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Rules Are Broken So Man’s Last Wish, a Funeral in Prague, Can Be Fulfilled

August 14, 2002
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A Florida businessman has fulfilled the last wish of his late father by laying his ashes to rest in a Jewish cemetery in Prague.

Gary Teplitsky, from Key West, overcame a series of bureaucratic hurdles to bring the ashes of his father, Irving, to the Czech capital exactly a year after the retired lawyer’s death.

Teplitsky, who owns a coffee roasting company, Baby’s Coffee, said his 80-year-old father had asked to be buried in Prague because of his wartime experiences.

As a young sergeant, his father had been with the American Third Army as it liberated parts of the former Czechoslovakia under Gen. George Patton.

“My father didn’t talk a lot about his wartime experiences in Czechoslovakia, but he did say he couldn’t stand the suffering people went through there,” Teplitsky said after the funeral last Friday in the Jewish cemetery in Izraelska Street.

“His last wish was: Take me there.”

Teplitsky and his family agonized over the request, particularly because as it conflicted with Jewish burial laws.

“To fulfill his request, there was no other way than to arrange for my father’s cremation. We knew it was breaking the rules, but we decided we were going to get him over here. Of all the things I have gone through in my life, this was by far the most difficult thing I have had to do.”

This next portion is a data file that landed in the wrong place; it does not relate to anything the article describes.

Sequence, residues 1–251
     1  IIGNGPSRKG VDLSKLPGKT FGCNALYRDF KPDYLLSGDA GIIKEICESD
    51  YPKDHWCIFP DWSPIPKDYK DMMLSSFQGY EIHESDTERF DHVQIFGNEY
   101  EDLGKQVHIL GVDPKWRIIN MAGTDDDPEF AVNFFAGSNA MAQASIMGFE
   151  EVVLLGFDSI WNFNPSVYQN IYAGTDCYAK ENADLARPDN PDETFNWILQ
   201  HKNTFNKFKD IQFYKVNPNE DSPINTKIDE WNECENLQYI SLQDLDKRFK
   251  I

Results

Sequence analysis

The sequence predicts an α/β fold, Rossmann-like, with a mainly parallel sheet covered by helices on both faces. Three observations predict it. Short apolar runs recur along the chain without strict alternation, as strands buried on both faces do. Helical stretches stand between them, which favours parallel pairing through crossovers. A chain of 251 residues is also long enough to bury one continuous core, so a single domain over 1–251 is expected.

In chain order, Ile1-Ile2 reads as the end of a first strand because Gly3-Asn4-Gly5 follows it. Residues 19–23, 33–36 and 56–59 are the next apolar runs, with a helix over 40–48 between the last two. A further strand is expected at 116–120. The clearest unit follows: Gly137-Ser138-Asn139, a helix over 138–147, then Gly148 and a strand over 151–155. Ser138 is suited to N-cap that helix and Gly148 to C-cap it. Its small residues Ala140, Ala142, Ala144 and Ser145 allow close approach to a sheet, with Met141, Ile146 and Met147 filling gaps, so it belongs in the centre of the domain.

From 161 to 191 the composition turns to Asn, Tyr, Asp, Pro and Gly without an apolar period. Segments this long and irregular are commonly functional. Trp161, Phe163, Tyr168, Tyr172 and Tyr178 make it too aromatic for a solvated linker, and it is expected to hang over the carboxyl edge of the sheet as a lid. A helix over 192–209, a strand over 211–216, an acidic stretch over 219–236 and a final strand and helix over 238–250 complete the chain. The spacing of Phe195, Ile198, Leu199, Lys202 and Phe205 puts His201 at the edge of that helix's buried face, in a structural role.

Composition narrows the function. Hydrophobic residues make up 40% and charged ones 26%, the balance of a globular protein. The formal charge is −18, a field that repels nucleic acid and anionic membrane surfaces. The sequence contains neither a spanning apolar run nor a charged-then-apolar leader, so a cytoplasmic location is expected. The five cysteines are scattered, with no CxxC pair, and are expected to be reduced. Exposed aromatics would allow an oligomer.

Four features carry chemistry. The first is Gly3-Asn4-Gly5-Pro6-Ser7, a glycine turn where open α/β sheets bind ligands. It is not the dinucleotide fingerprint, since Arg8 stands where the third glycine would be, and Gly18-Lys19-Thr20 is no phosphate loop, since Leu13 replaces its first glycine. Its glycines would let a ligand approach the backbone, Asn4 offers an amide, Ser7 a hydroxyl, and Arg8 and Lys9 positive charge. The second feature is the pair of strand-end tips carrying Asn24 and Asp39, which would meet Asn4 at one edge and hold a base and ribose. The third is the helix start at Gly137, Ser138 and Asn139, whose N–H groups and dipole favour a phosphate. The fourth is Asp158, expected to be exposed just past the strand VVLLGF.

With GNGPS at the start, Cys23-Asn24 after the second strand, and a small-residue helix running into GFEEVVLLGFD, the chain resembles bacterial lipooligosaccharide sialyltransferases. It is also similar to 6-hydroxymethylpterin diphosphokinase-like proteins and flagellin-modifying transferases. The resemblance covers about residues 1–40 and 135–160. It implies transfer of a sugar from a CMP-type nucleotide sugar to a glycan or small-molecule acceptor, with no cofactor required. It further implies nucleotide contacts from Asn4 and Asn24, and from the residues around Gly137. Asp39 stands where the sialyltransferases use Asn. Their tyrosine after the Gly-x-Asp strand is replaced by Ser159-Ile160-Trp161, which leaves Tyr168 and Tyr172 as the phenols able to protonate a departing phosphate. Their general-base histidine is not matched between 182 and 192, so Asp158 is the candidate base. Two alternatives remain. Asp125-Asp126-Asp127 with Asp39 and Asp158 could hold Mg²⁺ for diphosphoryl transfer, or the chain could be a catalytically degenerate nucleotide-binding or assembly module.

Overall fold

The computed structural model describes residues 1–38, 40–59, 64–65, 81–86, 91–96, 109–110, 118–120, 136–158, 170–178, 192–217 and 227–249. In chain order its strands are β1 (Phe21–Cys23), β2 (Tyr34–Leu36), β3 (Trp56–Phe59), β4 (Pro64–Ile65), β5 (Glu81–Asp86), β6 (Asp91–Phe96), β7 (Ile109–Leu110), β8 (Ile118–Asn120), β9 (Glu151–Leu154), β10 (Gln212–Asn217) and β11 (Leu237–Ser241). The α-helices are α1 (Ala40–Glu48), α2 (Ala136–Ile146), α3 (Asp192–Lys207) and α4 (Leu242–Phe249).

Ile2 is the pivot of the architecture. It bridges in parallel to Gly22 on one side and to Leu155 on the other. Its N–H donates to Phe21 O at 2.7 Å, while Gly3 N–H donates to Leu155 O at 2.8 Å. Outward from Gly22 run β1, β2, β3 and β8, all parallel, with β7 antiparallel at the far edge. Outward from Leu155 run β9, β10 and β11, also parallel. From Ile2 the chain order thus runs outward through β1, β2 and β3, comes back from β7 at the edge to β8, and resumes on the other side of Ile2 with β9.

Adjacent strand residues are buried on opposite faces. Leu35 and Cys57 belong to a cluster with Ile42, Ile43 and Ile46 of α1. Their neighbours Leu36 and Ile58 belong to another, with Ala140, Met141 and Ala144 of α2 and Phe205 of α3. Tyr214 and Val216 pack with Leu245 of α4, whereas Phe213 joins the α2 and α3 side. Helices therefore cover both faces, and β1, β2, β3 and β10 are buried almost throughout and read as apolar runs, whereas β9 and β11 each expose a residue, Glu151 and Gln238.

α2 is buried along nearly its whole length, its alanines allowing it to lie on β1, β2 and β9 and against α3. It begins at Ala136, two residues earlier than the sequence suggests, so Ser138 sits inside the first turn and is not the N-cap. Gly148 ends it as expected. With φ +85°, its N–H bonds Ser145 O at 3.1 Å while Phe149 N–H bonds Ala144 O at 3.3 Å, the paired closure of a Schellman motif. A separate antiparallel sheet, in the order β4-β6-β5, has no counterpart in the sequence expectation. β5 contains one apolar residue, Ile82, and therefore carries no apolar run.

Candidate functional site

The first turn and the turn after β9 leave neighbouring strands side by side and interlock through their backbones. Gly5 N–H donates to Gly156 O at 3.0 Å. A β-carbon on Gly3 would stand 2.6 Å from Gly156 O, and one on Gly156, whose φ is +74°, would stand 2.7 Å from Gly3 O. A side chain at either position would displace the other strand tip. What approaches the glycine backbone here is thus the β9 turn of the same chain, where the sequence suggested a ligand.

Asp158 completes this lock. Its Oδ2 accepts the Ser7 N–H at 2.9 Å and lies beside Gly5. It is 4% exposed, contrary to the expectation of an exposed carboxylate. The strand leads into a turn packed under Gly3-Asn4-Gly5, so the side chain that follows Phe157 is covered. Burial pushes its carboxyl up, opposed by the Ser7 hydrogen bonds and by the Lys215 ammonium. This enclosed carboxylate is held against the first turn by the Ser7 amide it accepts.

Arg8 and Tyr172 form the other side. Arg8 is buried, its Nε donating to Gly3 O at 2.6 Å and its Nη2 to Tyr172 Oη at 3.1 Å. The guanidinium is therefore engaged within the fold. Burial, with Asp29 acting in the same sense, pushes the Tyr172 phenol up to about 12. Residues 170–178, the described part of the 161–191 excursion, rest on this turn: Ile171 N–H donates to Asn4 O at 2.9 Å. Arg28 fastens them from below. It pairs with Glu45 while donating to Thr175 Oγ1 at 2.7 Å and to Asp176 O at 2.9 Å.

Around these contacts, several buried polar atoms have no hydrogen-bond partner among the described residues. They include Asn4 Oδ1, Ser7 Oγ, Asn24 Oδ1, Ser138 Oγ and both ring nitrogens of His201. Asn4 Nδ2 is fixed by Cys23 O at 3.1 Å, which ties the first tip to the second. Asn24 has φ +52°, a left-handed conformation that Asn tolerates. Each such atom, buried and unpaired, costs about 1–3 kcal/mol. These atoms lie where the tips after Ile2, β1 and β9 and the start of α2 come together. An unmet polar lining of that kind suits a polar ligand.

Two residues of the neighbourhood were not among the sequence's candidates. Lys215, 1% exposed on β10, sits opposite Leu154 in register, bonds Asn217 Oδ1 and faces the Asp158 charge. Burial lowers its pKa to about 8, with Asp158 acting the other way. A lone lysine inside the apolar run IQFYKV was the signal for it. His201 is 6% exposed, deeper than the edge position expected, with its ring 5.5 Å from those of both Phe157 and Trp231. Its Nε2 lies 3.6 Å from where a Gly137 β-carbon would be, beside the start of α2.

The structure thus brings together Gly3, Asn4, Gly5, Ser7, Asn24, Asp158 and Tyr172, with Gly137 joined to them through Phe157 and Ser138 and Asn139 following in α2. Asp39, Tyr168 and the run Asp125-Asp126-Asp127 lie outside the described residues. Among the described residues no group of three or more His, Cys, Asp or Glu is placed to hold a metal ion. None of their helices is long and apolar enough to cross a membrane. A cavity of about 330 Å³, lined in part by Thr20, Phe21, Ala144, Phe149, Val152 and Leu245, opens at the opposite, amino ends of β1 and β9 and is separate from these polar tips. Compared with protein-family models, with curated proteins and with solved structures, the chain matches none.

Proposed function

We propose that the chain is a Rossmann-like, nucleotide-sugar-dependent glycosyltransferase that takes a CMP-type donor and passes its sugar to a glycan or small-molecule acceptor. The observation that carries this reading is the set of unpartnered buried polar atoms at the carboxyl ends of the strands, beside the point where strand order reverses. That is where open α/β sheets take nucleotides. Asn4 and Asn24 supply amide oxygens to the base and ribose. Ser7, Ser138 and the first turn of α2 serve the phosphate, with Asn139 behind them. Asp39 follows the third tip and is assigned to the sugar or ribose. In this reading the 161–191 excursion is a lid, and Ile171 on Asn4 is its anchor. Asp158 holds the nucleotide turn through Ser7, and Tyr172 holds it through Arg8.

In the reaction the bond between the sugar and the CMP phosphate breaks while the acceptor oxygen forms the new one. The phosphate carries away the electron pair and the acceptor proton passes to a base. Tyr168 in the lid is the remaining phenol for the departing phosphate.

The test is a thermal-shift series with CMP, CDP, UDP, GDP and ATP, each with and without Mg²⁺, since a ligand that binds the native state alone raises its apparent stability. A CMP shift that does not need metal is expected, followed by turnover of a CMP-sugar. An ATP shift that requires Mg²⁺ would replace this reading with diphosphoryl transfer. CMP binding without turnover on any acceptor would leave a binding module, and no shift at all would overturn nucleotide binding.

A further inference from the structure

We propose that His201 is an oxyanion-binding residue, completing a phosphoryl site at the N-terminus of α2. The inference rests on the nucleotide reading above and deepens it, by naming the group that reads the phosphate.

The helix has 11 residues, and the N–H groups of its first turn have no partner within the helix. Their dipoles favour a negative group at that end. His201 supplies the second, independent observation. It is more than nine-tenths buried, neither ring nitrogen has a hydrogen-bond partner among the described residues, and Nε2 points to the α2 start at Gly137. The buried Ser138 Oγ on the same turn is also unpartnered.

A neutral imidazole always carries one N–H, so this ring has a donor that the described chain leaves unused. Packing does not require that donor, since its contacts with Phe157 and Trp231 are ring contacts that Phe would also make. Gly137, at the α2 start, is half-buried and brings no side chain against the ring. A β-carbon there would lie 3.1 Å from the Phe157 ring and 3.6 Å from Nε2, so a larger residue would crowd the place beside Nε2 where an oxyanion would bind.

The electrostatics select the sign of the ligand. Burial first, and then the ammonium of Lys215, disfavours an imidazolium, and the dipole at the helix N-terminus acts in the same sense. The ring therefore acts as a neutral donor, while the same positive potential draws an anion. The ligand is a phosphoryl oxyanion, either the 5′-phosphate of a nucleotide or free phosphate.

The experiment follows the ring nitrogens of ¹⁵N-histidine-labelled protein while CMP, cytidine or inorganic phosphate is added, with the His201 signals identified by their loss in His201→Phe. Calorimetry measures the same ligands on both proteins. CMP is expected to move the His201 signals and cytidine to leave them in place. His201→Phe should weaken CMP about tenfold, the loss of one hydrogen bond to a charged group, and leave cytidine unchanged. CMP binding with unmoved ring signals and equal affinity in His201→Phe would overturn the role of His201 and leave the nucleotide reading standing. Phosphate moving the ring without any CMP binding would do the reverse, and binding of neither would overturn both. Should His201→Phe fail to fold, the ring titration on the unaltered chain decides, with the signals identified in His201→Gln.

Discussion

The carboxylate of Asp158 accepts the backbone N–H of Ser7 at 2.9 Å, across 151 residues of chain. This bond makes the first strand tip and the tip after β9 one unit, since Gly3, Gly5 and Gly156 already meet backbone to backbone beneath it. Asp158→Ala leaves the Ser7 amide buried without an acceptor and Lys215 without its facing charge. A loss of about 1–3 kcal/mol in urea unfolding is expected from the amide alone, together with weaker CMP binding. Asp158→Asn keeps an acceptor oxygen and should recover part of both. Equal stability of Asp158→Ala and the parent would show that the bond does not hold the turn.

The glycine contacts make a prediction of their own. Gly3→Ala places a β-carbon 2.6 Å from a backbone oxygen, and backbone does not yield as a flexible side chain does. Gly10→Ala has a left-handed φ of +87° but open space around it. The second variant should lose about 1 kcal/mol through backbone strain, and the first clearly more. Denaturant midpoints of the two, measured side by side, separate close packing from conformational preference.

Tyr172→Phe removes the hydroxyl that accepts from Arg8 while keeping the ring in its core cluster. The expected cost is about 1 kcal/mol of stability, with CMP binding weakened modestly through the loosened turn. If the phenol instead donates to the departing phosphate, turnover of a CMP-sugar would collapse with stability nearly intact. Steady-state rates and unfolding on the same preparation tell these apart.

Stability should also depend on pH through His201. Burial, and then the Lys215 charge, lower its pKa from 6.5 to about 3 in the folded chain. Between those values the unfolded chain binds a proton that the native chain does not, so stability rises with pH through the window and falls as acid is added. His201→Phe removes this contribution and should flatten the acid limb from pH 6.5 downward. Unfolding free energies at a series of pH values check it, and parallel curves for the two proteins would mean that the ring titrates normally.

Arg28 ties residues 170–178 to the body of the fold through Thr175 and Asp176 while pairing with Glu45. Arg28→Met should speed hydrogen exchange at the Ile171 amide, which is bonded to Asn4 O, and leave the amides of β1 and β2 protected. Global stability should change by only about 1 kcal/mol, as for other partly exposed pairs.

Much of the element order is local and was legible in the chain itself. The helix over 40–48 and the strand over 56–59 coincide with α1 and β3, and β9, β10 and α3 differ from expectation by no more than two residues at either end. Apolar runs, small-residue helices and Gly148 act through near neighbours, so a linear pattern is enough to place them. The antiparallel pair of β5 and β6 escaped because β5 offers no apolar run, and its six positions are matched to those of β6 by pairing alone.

Teplitsky praised American Airlines and customs officials for their discretion in bringing the ashes over.

“The ashes were screened by security but no one asked to look inside the box where they were. I would have been extremely upset if anyone had opened it,” he said.

Officials with the Prague Jewish community agreed to let the ashes be buried in a special section of the cemetery, and a senior cemetery official presided over the ceremony.

“There was no official rabbi present because of the circumstances,” Teplitsky said.

A Prague Jewish community official who did not wish to be named said the funeral “did not exist” for the city’s rabbinical office because Irving Teplitsky had been cremated.

“Everyone knows it is breaking Jewish law but, sometimes there is no other way,” said the official.

Gary Teplitsky said the ceremony has renewed his interest in Judaism.

He said he lost touch with his Jewish faith after celebrating his bar mitzvah nearly 40 years ago.

There was a very small Jewish community in Key West and few opportunities to mix, he added.

“The funeral provided a sense of closure for me, but it has made me think about reconnecting with Judaism,” he said.

“I’d like to become more involved in it so I can bring more to my life.”

Teplitsky added that he would like to establish close links with the Prague Jewish community.

“Our family had to break the rules to bring Irving here. I think we will overcome the problem and somehow become a part of the Prague community,” he said.

The ceremony was attended by Czech war veterans and several military officials attached to the U.S. Embassy who had helped with the arrangements.

Among the mourners was Ludmila Weiserova, whose parents owned a bakery in the Bohemian town of Pilsen. As a young child, she became friendly with Irving Teplitsky, who was well known locally as a generous man.

“He always brought me chocolate and chewing gum, which I had never had before,” she said.

Irving Teplitsky lost contact with Ludmila’s family during the Communist years but met up with them again in 1995, when he returned to Bohemia for the 50th anniversary of the end of World War II.

Irving Teplitsky, who was known as “I.T.,” was born and raised in New York and had a long career as a lawyer, once representing screen and dancing legend Ginger Rogers.

He was a former member of the reform Temple Sinai in Long Island, N.Y., and in his later years moved to Florida, first to Key West and then to Miami, where he died.

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